I’ll try to post a more thorough update on our Seattle move soon but see above for a sure sign that we’re settling in okay. Now for a television
Oh and I caught up with Mr XBOX yesterday, Major Nelson. A damn nice chap is he.
I just bought a framed version of Hugh’s latest print. Too good not to…and at 40% off today I got a bargain. You can too by entering ONLY PEOPLE at checkout from the gallery.
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Aaron over on the Windows Phone blog published a post yesterday that is getting a good amount of coverage, most notably around how Windows Phone 7 will connect to the cloud. As Aaron mentioned, the Windows Phone Live companion site will give people a central place to see pictures they’ve published, view their Windows Live calendar and contacts, exchange OneNote files and access other information shared between the phone and the Web. The site will give users 25GB of SkyDrive storage and host the Find My Phone service, which allows people to find and manage a missing phone with map, ring, lock and erase capabilities from your PC. All for free.
It took me back to a post Gizmodo wrote a few weeks back about Kin and what the service model behind Kin showed the potential for. Frankly, I think we’re just scratching the surface but this companion site is a great start. It doesn’t take much imagine where this is going when your devices are truly using the cloud as their central “memory” and even more so when you start to connect multiple devices (think TV, XBOX, PC, Mac) to that same store. Your stuff just starts to follow you and it gets really smart when your devices can make inferences based on past data and start to predict what you’ll want to do, or where you want to go. Kin Studio was widely applauded for showing this type of potential.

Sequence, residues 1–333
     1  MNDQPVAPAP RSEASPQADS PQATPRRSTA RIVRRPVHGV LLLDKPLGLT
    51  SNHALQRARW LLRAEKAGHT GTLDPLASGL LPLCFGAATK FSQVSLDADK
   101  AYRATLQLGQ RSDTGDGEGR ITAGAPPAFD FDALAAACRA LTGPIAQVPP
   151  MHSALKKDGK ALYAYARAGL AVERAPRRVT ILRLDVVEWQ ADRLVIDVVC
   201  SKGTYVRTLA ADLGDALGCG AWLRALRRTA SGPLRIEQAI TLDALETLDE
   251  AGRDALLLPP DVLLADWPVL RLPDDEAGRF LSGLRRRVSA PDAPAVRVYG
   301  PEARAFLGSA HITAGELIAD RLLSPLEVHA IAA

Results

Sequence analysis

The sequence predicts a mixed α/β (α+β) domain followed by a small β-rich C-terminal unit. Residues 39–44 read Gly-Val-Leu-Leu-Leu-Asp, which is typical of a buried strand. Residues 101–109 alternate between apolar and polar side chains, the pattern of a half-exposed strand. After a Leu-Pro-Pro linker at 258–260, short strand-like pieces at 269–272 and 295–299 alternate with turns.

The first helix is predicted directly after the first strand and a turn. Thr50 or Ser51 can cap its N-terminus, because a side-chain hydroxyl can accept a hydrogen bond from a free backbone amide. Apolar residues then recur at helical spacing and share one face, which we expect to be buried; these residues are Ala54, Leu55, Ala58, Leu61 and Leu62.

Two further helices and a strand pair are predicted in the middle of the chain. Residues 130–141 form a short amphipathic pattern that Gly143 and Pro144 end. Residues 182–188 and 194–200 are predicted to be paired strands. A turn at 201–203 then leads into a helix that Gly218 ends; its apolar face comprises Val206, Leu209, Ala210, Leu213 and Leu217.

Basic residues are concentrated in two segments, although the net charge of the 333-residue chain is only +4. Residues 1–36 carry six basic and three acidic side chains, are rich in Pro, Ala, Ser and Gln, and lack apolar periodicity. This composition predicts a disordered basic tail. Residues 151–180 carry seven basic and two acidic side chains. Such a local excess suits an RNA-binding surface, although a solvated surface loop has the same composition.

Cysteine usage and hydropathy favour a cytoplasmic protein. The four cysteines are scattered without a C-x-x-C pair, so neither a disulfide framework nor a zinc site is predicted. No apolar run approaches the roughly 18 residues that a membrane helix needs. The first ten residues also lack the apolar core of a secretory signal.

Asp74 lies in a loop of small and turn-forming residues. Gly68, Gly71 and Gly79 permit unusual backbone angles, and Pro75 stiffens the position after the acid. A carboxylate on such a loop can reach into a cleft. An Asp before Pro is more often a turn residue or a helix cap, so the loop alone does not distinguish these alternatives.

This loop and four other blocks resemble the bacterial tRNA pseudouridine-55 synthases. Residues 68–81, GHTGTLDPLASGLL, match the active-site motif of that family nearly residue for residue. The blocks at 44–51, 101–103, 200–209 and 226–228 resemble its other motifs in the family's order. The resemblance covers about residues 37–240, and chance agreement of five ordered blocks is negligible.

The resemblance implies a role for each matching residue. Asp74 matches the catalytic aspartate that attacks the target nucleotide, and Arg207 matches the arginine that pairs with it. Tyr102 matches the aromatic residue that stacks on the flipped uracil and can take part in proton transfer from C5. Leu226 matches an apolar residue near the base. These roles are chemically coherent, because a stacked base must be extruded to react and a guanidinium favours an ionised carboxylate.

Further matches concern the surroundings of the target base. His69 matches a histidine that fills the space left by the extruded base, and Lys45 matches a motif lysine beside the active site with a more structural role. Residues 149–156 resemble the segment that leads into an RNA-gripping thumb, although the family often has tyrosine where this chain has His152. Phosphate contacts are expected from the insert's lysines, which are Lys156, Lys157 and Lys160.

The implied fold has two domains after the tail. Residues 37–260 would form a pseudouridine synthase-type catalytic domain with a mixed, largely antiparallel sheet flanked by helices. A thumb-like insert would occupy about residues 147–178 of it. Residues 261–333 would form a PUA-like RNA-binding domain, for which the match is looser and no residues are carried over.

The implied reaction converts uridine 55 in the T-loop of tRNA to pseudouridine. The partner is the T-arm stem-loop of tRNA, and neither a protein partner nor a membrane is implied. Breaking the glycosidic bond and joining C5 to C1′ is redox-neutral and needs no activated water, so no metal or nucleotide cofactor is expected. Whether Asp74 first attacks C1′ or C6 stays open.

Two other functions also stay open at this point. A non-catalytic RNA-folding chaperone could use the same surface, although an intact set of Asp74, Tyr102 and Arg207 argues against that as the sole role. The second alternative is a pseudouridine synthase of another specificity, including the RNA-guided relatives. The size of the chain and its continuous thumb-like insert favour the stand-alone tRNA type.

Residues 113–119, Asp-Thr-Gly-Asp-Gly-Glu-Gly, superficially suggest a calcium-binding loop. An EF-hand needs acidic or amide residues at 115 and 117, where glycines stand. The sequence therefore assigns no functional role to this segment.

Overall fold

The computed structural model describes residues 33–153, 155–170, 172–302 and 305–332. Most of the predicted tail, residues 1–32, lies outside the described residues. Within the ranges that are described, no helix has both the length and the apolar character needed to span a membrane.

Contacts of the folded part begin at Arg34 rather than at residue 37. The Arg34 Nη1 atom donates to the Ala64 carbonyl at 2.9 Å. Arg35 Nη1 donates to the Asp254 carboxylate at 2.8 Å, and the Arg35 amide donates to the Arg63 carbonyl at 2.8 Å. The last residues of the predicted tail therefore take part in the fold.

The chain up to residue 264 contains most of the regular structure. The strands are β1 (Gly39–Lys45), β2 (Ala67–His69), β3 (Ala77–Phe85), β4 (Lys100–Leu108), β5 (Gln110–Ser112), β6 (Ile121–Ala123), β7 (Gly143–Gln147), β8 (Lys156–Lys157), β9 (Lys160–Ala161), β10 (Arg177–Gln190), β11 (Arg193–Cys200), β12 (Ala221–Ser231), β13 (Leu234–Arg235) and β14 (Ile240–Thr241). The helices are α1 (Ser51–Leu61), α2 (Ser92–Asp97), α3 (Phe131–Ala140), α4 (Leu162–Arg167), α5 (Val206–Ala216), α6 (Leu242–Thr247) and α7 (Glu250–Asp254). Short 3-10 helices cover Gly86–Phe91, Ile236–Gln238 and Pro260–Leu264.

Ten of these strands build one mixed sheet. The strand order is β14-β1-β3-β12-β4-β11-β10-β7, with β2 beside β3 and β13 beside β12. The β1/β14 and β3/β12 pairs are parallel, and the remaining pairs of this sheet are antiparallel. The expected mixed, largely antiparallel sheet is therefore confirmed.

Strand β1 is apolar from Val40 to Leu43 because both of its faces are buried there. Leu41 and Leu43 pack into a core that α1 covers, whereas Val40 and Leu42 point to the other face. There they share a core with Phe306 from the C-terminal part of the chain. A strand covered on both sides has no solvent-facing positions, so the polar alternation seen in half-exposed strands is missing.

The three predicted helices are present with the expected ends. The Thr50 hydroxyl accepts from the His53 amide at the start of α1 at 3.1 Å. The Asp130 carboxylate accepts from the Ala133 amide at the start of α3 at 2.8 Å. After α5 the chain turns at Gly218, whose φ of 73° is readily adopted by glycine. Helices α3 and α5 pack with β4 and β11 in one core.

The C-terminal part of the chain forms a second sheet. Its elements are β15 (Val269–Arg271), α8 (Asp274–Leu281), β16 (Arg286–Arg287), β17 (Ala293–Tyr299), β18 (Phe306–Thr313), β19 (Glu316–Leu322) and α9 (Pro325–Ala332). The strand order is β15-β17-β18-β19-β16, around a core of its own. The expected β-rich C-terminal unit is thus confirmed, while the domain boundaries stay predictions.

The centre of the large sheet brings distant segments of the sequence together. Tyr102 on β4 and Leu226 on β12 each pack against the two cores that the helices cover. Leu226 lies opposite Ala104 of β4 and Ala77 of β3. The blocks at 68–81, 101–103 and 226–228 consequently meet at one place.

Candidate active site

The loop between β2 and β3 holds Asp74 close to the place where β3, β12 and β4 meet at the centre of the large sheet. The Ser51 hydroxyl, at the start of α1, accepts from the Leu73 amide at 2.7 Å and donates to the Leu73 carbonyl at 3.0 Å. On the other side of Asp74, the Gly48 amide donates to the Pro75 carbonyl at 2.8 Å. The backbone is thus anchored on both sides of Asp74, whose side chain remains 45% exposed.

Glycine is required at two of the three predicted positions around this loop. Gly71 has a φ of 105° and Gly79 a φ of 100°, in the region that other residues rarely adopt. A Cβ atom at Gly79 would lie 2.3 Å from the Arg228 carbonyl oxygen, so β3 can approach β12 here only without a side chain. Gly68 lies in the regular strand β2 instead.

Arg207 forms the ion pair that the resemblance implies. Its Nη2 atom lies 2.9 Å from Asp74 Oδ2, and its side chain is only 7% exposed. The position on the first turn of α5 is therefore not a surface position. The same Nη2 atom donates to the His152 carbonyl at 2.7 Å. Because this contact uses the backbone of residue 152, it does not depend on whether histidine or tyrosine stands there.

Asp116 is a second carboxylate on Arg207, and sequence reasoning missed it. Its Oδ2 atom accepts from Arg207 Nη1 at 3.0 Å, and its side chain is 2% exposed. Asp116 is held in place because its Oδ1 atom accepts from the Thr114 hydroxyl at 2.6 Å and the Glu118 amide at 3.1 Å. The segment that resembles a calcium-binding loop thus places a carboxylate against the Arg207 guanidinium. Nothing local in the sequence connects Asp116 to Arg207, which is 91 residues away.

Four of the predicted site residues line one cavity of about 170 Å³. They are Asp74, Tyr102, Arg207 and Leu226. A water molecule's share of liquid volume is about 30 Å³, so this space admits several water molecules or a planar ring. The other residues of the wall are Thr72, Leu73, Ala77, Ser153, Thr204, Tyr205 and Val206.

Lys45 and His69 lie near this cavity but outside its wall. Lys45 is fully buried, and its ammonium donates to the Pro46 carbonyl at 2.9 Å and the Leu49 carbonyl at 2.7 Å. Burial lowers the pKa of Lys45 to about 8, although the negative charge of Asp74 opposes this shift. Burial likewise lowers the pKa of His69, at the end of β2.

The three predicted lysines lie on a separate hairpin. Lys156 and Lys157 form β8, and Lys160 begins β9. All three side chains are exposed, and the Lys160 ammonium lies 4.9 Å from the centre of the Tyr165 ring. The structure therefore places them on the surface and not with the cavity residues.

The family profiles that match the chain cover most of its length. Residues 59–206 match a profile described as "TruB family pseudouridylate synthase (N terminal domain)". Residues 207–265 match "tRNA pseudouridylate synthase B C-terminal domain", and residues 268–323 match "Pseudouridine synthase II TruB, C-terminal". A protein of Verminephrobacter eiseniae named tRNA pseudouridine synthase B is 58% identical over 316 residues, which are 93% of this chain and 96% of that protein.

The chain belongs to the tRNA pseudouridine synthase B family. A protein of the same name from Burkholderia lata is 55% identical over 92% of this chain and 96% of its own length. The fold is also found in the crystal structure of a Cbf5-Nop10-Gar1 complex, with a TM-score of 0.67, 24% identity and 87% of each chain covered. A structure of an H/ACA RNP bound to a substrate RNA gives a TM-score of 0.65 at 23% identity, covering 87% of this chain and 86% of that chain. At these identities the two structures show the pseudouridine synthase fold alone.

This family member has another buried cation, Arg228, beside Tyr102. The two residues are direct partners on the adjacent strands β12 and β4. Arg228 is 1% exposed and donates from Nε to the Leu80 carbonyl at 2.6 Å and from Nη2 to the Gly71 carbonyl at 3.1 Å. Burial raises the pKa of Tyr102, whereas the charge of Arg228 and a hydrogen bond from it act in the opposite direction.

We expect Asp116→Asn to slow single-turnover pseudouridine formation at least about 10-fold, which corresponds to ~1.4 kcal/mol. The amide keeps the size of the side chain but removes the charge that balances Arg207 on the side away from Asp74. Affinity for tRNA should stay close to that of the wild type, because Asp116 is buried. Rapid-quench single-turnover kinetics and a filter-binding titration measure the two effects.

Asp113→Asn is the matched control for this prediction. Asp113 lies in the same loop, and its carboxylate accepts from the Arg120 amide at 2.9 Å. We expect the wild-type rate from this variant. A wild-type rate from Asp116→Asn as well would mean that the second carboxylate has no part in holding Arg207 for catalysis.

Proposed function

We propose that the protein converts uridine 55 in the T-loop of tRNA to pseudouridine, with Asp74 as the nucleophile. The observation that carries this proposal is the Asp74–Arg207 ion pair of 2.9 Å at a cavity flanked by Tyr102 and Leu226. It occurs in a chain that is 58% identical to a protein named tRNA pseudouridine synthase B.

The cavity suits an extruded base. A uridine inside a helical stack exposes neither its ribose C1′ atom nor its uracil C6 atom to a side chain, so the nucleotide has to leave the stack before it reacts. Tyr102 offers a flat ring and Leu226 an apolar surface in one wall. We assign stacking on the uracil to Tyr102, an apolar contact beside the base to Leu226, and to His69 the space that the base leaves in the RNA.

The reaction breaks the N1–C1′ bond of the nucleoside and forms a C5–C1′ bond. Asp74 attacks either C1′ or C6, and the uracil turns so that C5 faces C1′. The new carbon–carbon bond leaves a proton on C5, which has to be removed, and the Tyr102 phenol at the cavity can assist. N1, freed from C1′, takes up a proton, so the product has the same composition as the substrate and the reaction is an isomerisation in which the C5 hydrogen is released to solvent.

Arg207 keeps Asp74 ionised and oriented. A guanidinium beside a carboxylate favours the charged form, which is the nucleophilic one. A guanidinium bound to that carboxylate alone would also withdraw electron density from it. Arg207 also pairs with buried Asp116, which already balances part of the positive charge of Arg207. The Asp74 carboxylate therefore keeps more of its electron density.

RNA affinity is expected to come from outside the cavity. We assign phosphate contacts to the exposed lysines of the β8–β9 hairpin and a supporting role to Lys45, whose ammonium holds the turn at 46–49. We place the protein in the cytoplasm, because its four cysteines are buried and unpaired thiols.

If that all sounds a bit nebulous, stay tuned as I have more to come on this topic.
I’m probably the last one to find this out but the XBOX team has an engineering blog. Of course you can get a lot of what you need on XBOX from Larry Hryb (aka Major Nelson) but if you’re interesting in digging behind the scenes the engineering blog gives you a different view. Stuff like how to skin and animate an Avatar….that sorta stuff is gonna become even more important in the years ahead.
Okay they don’t update nearly as much as Larry but how about this last post - How Do I Get a Job at Xbox?
The Outlook Social Connector has just added Facebook and Windows Live to the stable of connectors. What does this mean? The temptation is to say that Outlook just got social but to be fair, Outlook has been social for a pretty long time. It’s now connected to several hundred million more people.
What does the connector do? I’ve been using both for a few weeks and they provide elegant and simple integration of Facebook and Windows Live status updates in to the Outlook window (shown above). There is still stuff I will go to Facebook.com or Windows Live Messenger to see but it’s great to have this integration right there inside Outlook as it’s a place I spend a fair part of my working day…and night. As you can see above, the OSC does a nice job of bringing in the news feed of your contact. If an email has multiple person involved, you can click and see the feed of each of them and you end up with a very nice history of your connection to the other person.
The connectors are not just passive scrapers of data either – you can make connections directly from the social pane. The folks behind this have focused on the details too – bringing in photo from Facebook for example.
Oh and for all of you folks running Office 2010 either full blown or trial, the connectors work with both. If you’ve already been using the OSC, there is an update for that to be downloaded before you grab the connectors.
Check out the Mashable review as they got an early look whilst on our Campus last week.
You can grab the bits from the Microsoft Download Center